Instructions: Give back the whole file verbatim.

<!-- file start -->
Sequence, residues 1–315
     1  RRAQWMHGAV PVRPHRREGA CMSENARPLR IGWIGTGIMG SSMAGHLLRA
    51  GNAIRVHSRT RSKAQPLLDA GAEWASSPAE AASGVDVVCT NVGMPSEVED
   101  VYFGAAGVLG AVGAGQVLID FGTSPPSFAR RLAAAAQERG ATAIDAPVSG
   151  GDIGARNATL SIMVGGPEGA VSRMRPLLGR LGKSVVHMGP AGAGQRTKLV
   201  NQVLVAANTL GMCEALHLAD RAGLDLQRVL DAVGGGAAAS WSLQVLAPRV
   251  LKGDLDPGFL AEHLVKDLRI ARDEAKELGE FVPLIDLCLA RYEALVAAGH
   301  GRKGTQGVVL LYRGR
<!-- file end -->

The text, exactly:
Sequence, residues 1–315
     1  RRAQWMHGAV PVRPHRREGA CMSENARPLR IGWIGTGIMG SSMAGHLLRA
    51  GNAIRVHSRT RSKAQPLLDA GAEWASSPAE AASGVDVVCT NVGMPSEVED
   101  VYFGAAGVLG AVGAGQVLID FGTSPPSFAR RLAAAAQERG ATAIDAPVSG
   151  GDIGARNATL SIMVGGPEGA VSRMRPLLGR LGKSVVHMGP AGAGQRTKLV
   201  NQVLVAANTL GMCEALHLAD RAGLDLQRVL DAVGGGAAAS WSLQVLAPRV
   251  LKGDLDPGFL AEHLVKDLRI ARDEAKELGE FVPLIDLCLA RYEALVAAGH
   301  GRKGTQGVVL LYRGR